Parent and caregiver factors
- Abuse or neglect
- Ineffective or insensitive care
- Depression, bipolar, postpartum
- Substance abuse
- Adolescent parenting
- Prolonged absence due to being in prison or hospitalized
- Family history of maltreatment and compromised attachment
- Difficult temperament
- Premature birth
- Medical conditions; unrelieved pain, colicky
- Failure to thrive
- Hospitalization: separation and loss
- Violence- victim or witness
- Out-home-placements- foster care, foreign orphanages
- Lack of support- absent parent or extended kin, isolation, lack of adequate medical care
- Lack of Stimulation
How to Help Your Child Form Secure Attachments
Create a loving, supportive and safe environment: your child needs to know their physical needs are met and that you will keep them safe and free from harm. For children who have had their attachment disrupted, harsh discipline, time out, and punitive punishments hurt the relationship between the caregiver and child and should not be used under any circumstances.
Start first by creating a loving and safe environment. If your child needs redirection or correction for behavior, allow them to calm down first, stay near and wait to provide lessons and learning until after your child has calmed down.
Learn emotional regulation skills for yourself and teach them to your child: emotional regulation is the ability to self-soothe and calm yourself down in a healthy way.
- As the adult, calm down first: When you or your child is upset, it is important to not respond from this place. Instead, state that you are going to take a break from your child and return.
If your child is upset, and if you can remain calm, stay with your child, so they know they are safe and allow them to calm down on their own. Always teach lessons from a place where both of you are calm.
When they are activated and upset, do not try to reason with your child. Wait for calm behavior to have a discussion and problem solve.
- Teach your child to recognize emotions in their body: help them recognize where they experience different emotions. For example, do they feel tightness and an uncomfortableness in their heart, signaling sadness?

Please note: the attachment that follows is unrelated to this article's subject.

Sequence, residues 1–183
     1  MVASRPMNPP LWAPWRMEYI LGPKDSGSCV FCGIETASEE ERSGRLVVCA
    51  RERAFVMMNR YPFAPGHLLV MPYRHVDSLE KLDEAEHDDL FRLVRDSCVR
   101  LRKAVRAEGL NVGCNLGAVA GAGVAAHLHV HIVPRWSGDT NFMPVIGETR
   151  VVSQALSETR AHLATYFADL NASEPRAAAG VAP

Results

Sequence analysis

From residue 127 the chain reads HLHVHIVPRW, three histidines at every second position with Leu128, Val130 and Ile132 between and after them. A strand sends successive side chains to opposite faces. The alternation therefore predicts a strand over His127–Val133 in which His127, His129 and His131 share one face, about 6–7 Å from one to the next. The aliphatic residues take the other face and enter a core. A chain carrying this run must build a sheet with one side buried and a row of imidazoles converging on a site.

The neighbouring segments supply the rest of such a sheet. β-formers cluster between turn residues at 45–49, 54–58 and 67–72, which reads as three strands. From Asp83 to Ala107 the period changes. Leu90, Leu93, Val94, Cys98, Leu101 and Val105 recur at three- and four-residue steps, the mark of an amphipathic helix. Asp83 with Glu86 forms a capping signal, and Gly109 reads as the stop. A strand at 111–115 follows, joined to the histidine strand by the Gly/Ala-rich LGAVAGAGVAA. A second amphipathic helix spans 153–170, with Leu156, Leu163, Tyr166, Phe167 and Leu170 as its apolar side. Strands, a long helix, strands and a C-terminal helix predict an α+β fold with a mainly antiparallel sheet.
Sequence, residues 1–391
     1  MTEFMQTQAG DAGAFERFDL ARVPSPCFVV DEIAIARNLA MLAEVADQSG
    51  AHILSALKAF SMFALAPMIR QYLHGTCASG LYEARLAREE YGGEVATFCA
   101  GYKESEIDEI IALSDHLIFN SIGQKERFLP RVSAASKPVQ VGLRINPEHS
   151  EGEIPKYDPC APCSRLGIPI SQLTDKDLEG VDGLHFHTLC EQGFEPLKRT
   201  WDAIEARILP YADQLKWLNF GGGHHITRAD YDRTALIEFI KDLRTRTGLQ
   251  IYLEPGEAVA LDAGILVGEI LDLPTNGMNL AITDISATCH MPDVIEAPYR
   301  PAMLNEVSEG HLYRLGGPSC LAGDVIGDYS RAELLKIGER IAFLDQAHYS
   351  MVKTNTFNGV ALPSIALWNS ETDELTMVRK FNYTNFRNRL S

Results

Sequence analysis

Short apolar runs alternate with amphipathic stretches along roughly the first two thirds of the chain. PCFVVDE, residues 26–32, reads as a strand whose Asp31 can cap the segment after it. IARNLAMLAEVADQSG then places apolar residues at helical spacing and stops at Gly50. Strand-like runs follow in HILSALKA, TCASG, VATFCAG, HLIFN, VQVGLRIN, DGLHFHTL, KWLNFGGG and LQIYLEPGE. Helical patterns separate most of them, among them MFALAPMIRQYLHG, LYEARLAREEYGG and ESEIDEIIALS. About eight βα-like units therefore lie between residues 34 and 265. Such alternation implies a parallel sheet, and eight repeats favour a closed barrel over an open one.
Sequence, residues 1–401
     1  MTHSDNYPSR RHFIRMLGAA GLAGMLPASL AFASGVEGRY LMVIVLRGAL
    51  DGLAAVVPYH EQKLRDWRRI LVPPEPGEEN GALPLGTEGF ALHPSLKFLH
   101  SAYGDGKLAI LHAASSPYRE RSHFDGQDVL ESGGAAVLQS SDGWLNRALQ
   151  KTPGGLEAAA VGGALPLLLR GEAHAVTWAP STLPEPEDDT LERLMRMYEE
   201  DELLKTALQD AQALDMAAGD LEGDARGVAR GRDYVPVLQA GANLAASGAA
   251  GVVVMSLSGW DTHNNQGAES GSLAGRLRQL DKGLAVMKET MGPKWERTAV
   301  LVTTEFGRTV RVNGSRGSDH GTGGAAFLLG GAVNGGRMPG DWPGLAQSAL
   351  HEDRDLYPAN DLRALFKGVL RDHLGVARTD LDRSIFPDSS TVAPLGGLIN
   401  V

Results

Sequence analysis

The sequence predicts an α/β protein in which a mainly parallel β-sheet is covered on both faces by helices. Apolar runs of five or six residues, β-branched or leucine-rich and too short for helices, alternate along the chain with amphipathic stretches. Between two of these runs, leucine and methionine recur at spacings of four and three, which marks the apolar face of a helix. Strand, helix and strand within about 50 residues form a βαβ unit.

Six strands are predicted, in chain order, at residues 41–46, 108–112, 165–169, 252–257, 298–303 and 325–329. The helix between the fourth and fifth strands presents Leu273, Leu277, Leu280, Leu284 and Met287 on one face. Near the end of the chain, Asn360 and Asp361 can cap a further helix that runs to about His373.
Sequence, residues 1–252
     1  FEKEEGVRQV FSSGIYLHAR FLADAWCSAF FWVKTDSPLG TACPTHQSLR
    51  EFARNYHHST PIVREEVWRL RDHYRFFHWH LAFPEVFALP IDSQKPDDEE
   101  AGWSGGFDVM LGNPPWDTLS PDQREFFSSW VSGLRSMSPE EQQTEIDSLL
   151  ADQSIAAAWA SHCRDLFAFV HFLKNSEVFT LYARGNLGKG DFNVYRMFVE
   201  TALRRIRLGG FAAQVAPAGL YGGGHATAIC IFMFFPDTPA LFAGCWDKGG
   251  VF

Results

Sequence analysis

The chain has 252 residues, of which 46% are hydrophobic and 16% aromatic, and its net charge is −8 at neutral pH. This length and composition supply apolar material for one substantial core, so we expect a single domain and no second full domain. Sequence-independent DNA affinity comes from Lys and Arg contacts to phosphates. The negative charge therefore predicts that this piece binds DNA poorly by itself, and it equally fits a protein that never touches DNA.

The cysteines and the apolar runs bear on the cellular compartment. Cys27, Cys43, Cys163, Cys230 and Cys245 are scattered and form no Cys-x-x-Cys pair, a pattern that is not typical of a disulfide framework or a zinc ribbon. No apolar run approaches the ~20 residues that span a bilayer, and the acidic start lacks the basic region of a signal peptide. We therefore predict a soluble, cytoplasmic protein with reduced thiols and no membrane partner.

When they are angry, does their face turn red? Does your child tense certain muscles? Help your child develop a feeling vocabulary and understand what the felt sensation of those emotions feels like in their body.
RECOGNIZING EMOTIONS TAKES A LOT OF PRACTICE. KEEP AT IT.
- Help your child link an emotion, an uncomfortable feeling, and a healthy coping strategy: For example, when your child is experiencing a painful emotion, help them recognize the emotion instead of having an outburst. They can ride the wave of the emotion and choose a healthy strategy for coping.
Healthy strategies include riding a bike, walking, progressive muscle relaxation, visualizing a favorite place, drawing a picture, texting a cheerful friend, having a cold glass of water, drinking tea, and taking a bath.
- Get help for yourself: the key to teaching your child emotional regulation is the ability to regulate your own emotions in a healthy way. Many of us were not taught healthy ways to cope, and it may be hard to stay calm yourself. Get the support you need!
- Make time for positive connections every day: Help your child know they are loved and cared for by providing quality time for connection. It looks like 15 minutes of positive, uninterrupted attention, maybe at bedtime where your child can share anything with you; you play a game. This time is special and is not taken away from them. It helps your child know they are cared for and important. You can also schedule a once-a-month activity with your child where you do something special together. The importance here is consistency and that it happens no matter the circumstance.
When to Seek Help for Attachment Concerns in Childhood
If you have concerns that your child may not have a secure attachment, it would be best to work with a mental health professional that can help guide you and your child.
Children with severe attachment concerns, such as demonstrating violence, hurting animals, or refusing to talk, need special behavioral support and care. It is best to work with a professional trained in treating attachment and trauma so they can guide you on best practices.
Professional Resources for Attachment Concerns in Childhood